Burley GILLIAM, Appellant, v. STATE of Florida, Appellee.
Burley Gilliam, Petitioner, v. Michael W. Moore, etc., et al., Respondents.
Burley Gilliam, an inmate under sentence of death, appeals an order of the circuit court denying his motion for postconviction relief under Florida Rule of Criminal Procedure 3.850 and petitions this Court for a writ of habeas corpus. We have jurisdiction. See art. V, § 3(b)(1), (9), Fla. Const. For the reasons that follow, we affirm the denial of Gilliam's postconviction motion and deny the petition for habeas corpus.
I. PROCEEDINGS TO DATE
In 1988, Gilliam was convicted of the first-degree murder and sexual battery of Joyce Marlowe.1 In brief, the evidence established the following:
The victim, Joyce Marlowe, was last seen alive on the evening of June 8, 1982, in the company of appellant. That same evening, Burroughs, fishing on a lake, heard a woman screaming. When he arrived on shore, he found a truck (later identified as the one Gilliam was driving) stuck in the sand, and its driver acting “very very nervous,” but otherwise sober and normal. The next day Burroughs noticed that the lake area was roped off, and was told by police that a woman had been raped and murdered.
Appellant gave several accounts of his activities on the day of the murder to Detective Merrit, and in so doing stated that he and the victim were swimming in the lake and he ducked her under too long; he attempted resuscitation, but was unsuccessful.
Gilliam v. State, 582 So.2d 610, 611 (Fla.1991). The physical evidence, however, was inconsistent with this account. Marlowe was raped and strangled:
The victim sustained brutal injuries. The medical experts testified that death was caused by strangulation; the victim had injuries to her face, neck, breast, shins, arms, rectum, and vagina; she had bruises from being grabbed; one of her nipples was almost bitten off by appellant; from the anal rape there were tears extending through the anal and rectal region, including into the skin surrounding the anus (where, in the words of the trial judge, she was in effect torn apart); there was hemorrhaging from the vagina to the neck of the urinary bladder; and the victim was alive when these injuries were inflicted.
Id. Marlowe worked at the Orange Tree Lounge, a topless bar, as a dancer. The bar's manager, Katherine Gordon, testified that on the night of the murder she was working a double shift and desired to leave the bar in between shifts to get something to eat. According to Gordon, Gilliam offered to drive Marlowe to a nearby restaurant and she eventually left the bar with him. Her body was discovered the following day.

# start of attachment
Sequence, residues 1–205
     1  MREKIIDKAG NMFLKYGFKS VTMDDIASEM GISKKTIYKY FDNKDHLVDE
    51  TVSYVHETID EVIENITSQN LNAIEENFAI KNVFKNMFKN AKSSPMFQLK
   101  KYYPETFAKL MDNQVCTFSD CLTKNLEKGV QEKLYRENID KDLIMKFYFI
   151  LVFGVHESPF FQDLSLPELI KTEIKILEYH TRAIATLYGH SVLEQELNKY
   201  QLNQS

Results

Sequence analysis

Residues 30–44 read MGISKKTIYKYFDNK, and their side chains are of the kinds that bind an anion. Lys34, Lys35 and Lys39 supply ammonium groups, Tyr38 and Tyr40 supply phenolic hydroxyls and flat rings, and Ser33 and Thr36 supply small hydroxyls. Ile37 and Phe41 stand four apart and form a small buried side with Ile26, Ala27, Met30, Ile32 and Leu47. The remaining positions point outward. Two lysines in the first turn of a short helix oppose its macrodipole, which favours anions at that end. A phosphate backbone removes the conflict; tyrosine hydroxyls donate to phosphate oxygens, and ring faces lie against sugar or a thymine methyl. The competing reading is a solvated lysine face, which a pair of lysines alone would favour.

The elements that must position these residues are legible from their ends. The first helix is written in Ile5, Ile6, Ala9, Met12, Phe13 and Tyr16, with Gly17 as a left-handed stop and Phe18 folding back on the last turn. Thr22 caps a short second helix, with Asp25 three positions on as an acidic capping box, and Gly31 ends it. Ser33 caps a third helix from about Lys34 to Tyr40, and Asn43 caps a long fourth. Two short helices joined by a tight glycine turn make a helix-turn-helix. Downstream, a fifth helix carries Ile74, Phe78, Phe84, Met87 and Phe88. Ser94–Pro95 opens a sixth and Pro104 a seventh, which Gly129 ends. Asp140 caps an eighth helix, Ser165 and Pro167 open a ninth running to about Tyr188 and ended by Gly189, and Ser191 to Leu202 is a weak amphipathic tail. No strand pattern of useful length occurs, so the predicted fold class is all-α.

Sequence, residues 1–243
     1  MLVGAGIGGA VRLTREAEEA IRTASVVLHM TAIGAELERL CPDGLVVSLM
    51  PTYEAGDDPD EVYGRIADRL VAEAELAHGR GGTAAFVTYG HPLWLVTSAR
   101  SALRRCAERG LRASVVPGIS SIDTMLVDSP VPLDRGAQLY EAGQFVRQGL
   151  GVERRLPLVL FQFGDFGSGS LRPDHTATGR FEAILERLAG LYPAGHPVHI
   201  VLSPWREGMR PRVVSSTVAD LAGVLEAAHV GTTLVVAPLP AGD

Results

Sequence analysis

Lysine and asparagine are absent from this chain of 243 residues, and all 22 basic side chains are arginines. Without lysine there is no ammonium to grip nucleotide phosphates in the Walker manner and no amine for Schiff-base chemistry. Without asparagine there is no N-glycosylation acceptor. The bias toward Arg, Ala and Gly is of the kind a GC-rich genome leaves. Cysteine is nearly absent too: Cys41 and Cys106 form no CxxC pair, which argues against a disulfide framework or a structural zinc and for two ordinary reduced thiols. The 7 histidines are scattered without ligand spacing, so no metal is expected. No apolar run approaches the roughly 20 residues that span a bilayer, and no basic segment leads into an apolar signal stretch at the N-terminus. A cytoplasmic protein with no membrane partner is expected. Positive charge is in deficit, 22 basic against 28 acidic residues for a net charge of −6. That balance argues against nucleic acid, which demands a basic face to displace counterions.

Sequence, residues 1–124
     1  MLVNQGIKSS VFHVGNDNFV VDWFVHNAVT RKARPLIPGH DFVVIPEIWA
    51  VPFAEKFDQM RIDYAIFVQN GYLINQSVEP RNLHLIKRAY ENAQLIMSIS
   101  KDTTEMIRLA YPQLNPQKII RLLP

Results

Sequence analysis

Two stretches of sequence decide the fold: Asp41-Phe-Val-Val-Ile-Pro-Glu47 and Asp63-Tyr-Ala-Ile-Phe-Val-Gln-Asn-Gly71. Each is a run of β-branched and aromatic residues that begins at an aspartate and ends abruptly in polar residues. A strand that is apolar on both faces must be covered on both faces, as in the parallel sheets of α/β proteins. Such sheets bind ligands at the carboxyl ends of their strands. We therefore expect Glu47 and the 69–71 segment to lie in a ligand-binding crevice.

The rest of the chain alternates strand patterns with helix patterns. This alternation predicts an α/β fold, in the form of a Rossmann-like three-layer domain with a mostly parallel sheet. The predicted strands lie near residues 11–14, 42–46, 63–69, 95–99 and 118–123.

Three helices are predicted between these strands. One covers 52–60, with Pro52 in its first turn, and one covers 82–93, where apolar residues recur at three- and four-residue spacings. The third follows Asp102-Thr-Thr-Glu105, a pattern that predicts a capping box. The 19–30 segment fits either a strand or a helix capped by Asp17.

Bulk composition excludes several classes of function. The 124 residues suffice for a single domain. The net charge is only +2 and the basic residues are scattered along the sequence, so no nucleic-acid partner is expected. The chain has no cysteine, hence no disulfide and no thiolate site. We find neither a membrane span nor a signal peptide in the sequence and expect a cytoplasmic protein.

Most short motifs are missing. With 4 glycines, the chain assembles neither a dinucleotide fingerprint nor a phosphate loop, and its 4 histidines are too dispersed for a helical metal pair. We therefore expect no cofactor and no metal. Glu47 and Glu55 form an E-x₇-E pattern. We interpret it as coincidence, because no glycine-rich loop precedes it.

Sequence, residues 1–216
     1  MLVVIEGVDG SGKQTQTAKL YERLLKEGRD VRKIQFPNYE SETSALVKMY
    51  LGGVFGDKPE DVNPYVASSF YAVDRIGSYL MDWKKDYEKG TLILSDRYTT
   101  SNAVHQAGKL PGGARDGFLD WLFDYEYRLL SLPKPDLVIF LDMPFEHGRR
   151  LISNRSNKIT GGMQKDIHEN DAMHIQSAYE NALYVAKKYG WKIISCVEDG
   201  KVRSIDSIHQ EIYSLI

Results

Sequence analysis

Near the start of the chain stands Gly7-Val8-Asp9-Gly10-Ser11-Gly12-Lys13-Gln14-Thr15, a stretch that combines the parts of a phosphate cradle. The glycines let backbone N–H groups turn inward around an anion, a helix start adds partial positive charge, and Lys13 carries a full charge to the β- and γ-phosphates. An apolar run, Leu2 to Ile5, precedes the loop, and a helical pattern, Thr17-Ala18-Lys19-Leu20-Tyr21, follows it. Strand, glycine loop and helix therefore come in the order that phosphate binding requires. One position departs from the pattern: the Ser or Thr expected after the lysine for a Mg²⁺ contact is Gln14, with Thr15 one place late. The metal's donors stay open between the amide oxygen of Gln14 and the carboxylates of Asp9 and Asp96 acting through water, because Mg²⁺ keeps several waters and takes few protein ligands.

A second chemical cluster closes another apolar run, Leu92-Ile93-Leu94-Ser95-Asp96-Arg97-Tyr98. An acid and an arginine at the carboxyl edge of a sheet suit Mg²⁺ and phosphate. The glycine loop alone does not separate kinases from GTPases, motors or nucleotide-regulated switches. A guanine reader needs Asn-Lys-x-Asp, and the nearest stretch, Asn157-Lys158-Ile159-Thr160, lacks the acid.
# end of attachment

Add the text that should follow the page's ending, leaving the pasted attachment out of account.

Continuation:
Gilliam employed an insanity defense, arguing that he committed the rape and murder during an epileptic seizure. In support of that claim, he presented the testimony of his sister, brother-in-law, and nephew, all of whom recounted instances in which they observed Gilliam suffer what they believed to be seizures. Several of Gilliam's family members also testified relative to childhood abuse in an attempt to substantiate his claim that his seizure disorder was the result of severe head trauma. Dr. Arthur Stillman, a forensic psychiatrist, opined that Gilliam could have murdered and raped the victim during an “epileptic furor.” On the basis of Gilliam's history of seizures, Dr. Stillman further opined that Gilliam's seizure disorder prevented him from understanding the nature and consequences of his actions at the time of the murder. Gilliam took the stand in support of his defense and claimed that he could not remember how he arrived at the lake with the victim or any of the events thereafter.
On February 25, 1993, Gilliam filed his initial 3.850 motion with leave to amend pending the satisfaction of several outstanding public records claims. Gilliam eventually amended the motion, raising twenty-three claims 2 all of which the lower court summarily denied save for his claim of ineffective assistance of counsel during the penalty phase. Following an evidentiary hearing, the lower court denied Gilliam's claim of ineffectiveness during the penalty phase.
II. 3.850 APPEAL
A. Guilt Phase Claims
Gilliam claims that defense counsel, Edward Koch, was ineffective in revealing to the jury Gilliam's 1969 conviction for rape in Texas. In his opening argument to the jury, Koch made the jury aware of Gilliam's prior conviction, representing that it was for statutory rape:
At the age of 20, you will learn that he fell in love. He found someone that he felt loved him. There was, however, a big problem. At that time Burley was 20, going on 21. The girl was 15. The girl was underage. And at some point her parents found out about it. She told them Burley is the guy. Burley got arrested, and at the age of 20, 21, was sentenced to 15 years in Texas State Prison for the charge of statutory rape.
Again sexual intercourse with someone underage. 21 years old, Texas State Prison, 15-year sentence.
Consistent with this representation, Gilliam testified at trial that the 1969 rape conviction arose from consensual sex with a fifteen-year-old girl named Vida Lester. During the State's cross-examination, Gilliam denied that he violently raped Lester.7
In its rebuttal, the State called Joseph Poe, a Texas detective who investigated the Lester rape. Detective Poe indicated that Lester had bruises on her neck and a black eye when she reported the rape.